“War never solved anything” someone once said, which is as wrong as one can be on the subject. In the Second World War, war from the Allies solved the problem of Germans encamped where others didn’t care for them: Poland, Belgium, France and Holland for starters.
The problem with war is not that it never solves anything, but that it is a blunt instrument—capable of shoving German troops back across the Rhine, not capable of sparing civilians in the same quest.
Similarly, and to be more relevant here in late April, taxes and the government spending which results are also blunt instruments. The problem with taxes is not they never solve anything—on occasion, they do; the problem is that taxes, as with war, cause collateral damage.
In Canada, one doesn’t have to look far for examples. Because our federal government treats federal tax cash as sweeteners for provincial governments, those same provinces spend above what local voters would willingly ante up. So Quebec gives $7 daycare to millionaire and pauper parents alike. Manitoba gives cheap provincially-owned Hydro to everyone. Nova Scotia has 11 universities for a province with a population of 940,744.
Such poor policy is the result of the blunt instrument (taxation) combined with the incentives inherent in politics. It’s easy to shower money to today’s voters but at the expense of taxpayers from another province or from a future generation.
So instead of targeted daycare subsidies for low-income earners only, or subsidized utility bills for those who can’t pay, misdirected spending from our taxes allows and encourages universal subsidies which not everyone needs but which all feel they deserve once the subsidy merry-go-round begins.
The same combination of taxes plus politics occurs even in provinces where local taxpayers and their governments would be net beneficiaries if all federal subsidies stopped tomorrow.
For example, Lindsay Blackett, Alberta’s minister of Culture and Community Spirit, was on the radio recently to trumpet another subsidy to the film industry. Blackett fully admitted the film sector plays Canadian provinces and American states against each other.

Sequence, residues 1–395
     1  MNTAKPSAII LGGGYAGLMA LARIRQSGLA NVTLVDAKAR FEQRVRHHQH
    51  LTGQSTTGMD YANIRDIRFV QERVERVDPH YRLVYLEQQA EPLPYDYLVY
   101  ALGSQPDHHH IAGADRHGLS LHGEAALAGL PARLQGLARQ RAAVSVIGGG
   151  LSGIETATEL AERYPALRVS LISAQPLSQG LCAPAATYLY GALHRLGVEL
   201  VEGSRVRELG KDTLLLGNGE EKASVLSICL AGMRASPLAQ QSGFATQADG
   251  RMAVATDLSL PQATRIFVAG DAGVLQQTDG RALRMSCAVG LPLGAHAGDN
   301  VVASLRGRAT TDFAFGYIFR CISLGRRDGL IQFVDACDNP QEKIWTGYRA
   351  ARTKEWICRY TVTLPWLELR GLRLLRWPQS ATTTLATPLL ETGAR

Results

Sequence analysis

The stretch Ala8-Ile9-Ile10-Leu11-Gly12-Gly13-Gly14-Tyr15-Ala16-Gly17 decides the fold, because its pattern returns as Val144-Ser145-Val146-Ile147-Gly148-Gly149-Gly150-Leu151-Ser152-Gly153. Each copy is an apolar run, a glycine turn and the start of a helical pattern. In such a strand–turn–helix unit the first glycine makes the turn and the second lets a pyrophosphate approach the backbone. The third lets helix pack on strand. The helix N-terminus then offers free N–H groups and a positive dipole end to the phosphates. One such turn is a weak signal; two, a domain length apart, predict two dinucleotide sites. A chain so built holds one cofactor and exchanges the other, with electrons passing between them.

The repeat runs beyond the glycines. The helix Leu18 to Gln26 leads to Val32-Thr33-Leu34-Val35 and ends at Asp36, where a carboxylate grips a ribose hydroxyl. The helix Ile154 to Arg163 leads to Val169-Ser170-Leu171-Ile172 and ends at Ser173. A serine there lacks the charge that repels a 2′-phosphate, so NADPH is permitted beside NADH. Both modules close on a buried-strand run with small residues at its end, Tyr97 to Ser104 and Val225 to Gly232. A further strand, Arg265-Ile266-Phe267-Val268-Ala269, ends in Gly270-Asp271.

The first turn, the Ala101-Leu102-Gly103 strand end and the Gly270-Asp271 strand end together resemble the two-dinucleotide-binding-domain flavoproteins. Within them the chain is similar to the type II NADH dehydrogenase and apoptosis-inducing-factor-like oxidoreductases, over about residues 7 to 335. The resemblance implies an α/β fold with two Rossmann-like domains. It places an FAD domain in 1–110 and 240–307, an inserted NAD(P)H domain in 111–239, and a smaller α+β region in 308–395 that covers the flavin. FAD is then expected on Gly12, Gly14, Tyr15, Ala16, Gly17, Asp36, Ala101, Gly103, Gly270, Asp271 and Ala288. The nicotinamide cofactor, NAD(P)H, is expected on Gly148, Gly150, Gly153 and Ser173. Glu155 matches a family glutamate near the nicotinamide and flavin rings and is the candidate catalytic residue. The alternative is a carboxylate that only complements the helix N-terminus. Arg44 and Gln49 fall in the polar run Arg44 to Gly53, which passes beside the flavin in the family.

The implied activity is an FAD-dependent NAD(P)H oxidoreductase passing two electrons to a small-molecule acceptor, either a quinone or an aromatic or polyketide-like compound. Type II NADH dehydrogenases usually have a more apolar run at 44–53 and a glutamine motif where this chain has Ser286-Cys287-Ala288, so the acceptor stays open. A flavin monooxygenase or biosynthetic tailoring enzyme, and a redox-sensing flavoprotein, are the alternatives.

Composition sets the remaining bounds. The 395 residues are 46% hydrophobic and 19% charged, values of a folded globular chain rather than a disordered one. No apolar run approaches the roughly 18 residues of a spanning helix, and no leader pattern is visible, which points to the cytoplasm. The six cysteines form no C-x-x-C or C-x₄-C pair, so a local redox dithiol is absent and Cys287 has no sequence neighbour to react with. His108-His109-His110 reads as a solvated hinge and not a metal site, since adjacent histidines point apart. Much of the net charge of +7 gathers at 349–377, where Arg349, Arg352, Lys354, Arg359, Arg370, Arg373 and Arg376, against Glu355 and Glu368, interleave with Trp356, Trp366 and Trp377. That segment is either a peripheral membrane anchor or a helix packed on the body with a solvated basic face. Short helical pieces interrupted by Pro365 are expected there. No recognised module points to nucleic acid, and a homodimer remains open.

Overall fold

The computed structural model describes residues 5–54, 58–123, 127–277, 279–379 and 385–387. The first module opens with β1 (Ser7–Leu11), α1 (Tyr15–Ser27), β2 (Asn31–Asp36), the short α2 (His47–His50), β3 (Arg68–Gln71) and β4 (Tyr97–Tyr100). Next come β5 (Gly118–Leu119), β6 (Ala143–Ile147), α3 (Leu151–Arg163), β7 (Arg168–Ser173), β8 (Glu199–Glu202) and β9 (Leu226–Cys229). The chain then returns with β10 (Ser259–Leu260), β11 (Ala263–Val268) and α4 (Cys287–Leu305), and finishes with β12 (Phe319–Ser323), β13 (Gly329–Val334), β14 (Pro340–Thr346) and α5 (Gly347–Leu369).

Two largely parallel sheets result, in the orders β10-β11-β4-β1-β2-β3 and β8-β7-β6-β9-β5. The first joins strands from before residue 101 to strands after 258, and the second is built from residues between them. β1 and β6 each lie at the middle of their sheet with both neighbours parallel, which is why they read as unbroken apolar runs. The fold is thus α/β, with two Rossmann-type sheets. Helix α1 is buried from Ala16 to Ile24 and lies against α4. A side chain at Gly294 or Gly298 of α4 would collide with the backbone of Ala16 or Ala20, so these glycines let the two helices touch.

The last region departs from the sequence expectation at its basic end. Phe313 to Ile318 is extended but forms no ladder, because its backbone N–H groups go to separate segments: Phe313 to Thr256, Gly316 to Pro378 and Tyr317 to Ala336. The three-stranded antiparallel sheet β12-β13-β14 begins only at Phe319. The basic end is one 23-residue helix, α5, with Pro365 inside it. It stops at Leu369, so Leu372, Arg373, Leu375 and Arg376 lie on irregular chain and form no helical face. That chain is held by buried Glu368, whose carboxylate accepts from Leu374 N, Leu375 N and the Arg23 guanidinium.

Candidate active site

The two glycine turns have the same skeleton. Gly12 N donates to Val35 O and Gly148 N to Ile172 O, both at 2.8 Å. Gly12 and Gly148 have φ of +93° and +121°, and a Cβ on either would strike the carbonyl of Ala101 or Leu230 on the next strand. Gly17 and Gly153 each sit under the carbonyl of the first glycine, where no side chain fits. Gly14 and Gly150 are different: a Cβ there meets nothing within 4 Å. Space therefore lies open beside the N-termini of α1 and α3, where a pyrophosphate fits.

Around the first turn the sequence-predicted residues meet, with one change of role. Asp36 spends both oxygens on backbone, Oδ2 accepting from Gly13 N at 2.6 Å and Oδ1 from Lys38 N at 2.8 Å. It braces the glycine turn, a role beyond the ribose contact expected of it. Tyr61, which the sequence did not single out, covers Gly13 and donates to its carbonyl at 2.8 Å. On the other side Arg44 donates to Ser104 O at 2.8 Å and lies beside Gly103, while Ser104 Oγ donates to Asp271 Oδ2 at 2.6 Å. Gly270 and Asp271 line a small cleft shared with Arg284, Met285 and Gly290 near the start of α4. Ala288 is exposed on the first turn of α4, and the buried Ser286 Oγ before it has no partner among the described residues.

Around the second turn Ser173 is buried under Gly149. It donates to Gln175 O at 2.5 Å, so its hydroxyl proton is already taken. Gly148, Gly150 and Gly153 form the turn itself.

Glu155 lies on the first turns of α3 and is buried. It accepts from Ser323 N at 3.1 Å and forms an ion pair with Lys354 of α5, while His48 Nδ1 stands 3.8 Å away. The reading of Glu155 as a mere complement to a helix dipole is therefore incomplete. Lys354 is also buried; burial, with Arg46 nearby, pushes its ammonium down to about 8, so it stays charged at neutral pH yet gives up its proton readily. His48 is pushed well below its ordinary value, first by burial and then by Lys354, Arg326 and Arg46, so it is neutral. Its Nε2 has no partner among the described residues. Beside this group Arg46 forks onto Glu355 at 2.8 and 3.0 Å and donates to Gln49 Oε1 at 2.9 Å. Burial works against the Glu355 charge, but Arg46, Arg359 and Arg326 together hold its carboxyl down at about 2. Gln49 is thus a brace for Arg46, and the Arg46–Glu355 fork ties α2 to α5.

Rather than draw the sensible conclusion that perhaps 60 provincial and state finance ministers should e-mail each other and decide on a united front: tell Hollywood and its local affiliates to build their studios and shoot films on their own dime, Blackett instead trumpeted Alberta’s subsidy, though he more often called it an “incentive” or “investment.”
But the logic is as faulty as the language. Given that no new jobs are actually created across the world when a film is merely shot in Canmore instead of Kamloops, or Louisiana and not Lake Louise, such subsidies are indefensible. But they continue, because taxation and spending are too easily availed of while the collateral damage is spread around among many more people.
Similarly, in B.C. in 2001, when the Liberal government tried to end subsidized ferry service between for a small community north of Victoria, it met a wall of assumed privilege. A highway from the community allowed travellers to get to the same destination across the bay but it would have taken longer to drive. After protests, the government caved and re-instated the annual million-dollar subsidy.
Or consider last year’s auto sector bailout by the federal and Ontario governments. That rescued General Motors and Chrysler from bad business decisions and lousy pension agreements willingly made with their union. The blunt instrument of a government “rescue” meant other, more prudent companies were now put at an unfair disadvantage.
There are sensible ways to ward off much of the collateral damage taxation can create. A useful principle is to subsidize only individuals in dire need but never rescue the artificial entity.
In specific, first, end transfers between governments; if Quebec’s taxpayers want a massive welfare state—great, pay for it.
Second, all of us should be forced to pay for public services through direct use fees wherever feasible. That would link usage to payment (with discounts and exceptions for the poor, when we get sick and so forth).
Third, target subsidies only to individuals where necessary and never some collective, be it a film company, an age cohort (such as everyone over age 65), or every employee and pensioner at some automotive company merely because of the lobbying strength of the union.
That would eliminate much collateral damage from the taxation system. But most days, that’s not how governments run things. Instead we get the routine approach. The results are plenty of tax-inspired unintended consequences. Regrettably, they’re as plentiful as children in a polygamous commune.